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Discussion Starter #1
Anybody know what years quadrasteer was available on crew cab pickups? Was it only available on half-ton pickups?

Anybody got one for sale? :D
 

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I think 02 until 05

Maybe GMC had a special truck callde like a C2 or something that might have been the frist one. That might have even been 00 or 01

I think only 1500HD. My neighbor has a newer Chevy version and it looks really cool. They all have cab marker lights because the rear track is about 6"-8" wider or so. It has sort of a flaired out bed I guess half hay between a dually & a regular bed, but they are not add on fenders. The bedsides look sort of like the side of the bed on a Baja truck.

If you could have gotten one in a 2500HD W/ Dmax I would have and then I would have opted for a LB as well. I hear they tow awesome (as long as you are not too heavy, the most I will ever tow is about 5K)
 

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I heard somewhere that the quadrasteer architecture required a rear track of 80 inches, which means that the truck has to have those rear marker lights and lights on the fenders. Apparently, they didn't pair them with diesels because delphi had not yet created a system that would work with the beefier axles/differential.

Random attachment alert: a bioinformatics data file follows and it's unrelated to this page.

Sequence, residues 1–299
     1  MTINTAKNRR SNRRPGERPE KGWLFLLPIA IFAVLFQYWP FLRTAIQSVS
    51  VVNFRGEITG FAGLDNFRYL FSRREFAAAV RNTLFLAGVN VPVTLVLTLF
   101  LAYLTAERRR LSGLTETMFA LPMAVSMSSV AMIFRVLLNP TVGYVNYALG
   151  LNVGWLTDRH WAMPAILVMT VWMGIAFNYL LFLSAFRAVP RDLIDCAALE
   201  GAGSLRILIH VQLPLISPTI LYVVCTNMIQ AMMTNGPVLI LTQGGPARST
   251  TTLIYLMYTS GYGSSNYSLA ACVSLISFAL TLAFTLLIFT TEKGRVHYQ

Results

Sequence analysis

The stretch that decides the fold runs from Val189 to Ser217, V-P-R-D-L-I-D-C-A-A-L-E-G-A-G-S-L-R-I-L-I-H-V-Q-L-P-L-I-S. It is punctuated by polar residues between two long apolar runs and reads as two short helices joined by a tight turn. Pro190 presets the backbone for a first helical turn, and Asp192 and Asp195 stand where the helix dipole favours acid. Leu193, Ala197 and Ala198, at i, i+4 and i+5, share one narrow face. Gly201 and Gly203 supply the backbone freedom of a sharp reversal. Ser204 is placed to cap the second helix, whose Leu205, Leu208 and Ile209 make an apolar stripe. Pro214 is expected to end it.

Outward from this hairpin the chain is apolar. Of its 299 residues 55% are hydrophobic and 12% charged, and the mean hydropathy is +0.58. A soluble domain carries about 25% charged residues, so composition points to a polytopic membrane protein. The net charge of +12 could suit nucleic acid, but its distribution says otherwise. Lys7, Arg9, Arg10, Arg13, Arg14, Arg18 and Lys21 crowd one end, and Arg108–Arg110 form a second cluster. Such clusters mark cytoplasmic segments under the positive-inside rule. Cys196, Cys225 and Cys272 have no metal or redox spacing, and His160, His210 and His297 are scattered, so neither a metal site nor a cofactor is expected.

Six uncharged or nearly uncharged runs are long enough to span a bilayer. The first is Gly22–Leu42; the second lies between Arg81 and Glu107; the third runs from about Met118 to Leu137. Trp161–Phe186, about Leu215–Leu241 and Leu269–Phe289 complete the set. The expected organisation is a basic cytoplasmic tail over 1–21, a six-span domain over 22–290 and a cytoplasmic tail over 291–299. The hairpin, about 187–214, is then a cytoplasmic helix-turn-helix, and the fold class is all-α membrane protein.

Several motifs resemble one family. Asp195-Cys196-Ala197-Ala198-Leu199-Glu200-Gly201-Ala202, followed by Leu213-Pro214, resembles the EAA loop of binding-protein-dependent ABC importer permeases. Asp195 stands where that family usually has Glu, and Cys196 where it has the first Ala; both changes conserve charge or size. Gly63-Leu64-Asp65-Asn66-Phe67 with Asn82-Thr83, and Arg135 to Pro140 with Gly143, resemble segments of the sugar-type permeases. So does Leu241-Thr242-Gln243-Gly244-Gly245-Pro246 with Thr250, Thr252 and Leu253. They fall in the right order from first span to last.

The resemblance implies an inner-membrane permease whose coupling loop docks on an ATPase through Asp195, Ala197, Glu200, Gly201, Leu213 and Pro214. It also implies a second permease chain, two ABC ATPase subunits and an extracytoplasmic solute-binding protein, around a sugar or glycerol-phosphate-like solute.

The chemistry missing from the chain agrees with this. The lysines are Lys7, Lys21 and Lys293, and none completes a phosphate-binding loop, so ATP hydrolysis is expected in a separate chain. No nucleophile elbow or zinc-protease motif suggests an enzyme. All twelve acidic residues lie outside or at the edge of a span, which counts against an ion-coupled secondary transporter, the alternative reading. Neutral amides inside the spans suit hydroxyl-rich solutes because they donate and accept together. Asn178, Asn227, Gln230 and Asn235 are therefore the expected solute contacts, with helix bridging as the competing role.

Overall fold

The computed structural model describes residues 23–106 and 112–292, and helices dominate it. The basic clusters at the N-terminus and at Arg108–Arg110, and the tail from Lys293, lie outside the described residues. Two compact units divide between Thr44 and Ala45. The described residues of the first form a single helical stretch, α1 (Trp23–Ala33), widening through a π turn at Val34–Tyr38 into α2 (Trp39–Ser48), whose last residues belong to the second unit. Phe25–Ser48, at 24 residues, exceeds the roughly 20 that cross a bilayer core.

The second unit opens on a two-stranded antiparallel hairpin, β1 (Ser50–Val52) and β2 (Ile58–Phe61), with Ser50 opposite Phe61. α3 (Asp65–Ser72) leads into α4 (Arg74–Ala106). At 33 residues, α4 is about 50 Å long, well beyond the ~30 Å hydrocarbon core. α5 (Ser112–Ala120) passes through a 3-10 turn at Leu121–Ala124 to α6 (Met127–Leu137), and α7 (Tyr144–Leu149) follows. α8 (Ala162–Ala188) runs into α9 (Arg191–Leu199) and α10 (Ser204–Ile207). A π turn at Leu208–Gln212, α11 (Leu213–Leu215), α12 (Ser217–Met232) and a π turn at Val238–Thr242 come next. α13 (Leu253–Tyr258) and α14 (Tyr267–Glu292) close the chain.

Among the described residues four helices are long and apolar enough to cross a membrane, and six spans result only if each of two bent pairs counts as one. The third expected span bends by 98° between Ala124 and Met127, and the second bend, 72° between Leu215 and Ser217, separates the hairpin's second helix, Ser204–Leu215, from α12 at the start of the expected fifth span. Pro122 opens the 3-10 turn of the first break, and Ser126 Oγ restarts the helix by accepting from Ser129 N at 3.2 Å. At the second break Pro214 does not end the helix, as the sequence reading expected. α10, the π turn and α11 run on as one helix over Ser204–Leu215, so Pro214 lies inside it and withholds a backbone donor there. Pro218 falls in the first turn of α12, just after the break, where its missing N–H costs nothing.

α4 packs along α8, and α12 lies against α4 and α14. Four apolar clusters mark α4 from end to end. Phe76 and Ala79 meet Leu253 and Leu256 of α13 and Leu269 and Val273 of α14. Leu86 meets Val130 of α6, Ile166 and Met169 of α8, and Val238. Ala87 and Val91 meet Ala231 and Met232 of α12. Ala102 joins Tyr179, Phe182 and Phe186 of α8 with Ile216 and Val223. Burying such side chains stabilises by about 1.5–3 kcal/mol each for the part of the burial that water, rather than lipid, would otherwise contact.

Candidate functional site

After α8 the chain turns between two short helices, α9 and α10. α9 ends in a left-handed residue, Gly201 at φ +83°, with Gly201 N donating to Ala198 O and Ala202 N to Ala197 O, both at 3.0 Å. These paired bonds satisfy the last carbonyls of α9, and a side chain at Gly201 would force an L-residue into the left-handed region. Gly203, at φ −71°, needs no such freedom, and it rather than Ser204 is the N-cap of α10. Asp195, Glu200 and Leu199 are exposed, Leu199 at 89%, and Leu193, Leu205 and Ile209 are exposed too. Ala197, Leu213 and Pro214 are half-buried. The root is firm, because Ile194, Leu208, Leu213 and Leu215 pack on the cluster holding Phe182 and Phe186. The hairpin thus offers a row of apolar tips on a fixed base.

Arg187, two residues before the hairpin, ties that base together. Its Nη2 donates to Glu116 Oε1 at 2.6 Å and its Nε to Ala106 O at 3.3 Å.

I have found a couple hereabouts that are extended cabs, but I really need a crew cab. I can't seem to find any information on what years those two options overlapped.

Maybe it's just as well, since delphi is in bankruptcy and GM today reported an additional 2 billion dollar loss (bringing last year's total to 10 billion); there may be nobody left to service them in a few more years...
 

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I heard somewhere that the quadrasteer architecture required a rear track of 80 inches, which means that the truck has to have those rear marker lights and lights on the fenders. Apparently, they didn't pair them with diesels because delphi had not yet created a system that would work with the beefier axles/differential.

I have found a couple hereabouts that are extended cabs, but I really need a crew cab. I can't seem to find any information on what years those two options overlapped.

Maybe it's just as well, since delphi is in bankruptcy and GM today reported an additional 2 billion dollar loss (bringing last year's total to 10 billion); there may be nobody left to service them in a few more years...
We race motorcycles and my teamate that gets us to the track has a (not sure of the year) 2500, 4wd, quadsteer, crew cab, reg bed. We tow a 24ft enclosed trailer loaded to the gills with 4 bikes and tons of gear. That 4ws is really awesome, turns on a dime (I own an Express 3500 lwb). It's amazing how we can weave around cars at a gas station and the the rear wheels and trailer just follow the front wheels. I wish they'd put it on the big vans, that thing is like driving a barge.
 

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I think the only problem with the quad steer was it was not available on the 2500-35500 trucks.
 

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I think the only problem with the quad steer was it was not available on the 2500-35500 trucks.
Tell me about it:(.

We decided to go back to using a slide in camper, so we've upgraded to a 2006 D/A dually. Quadrasteer dually, now that's what I'm talking about:cool: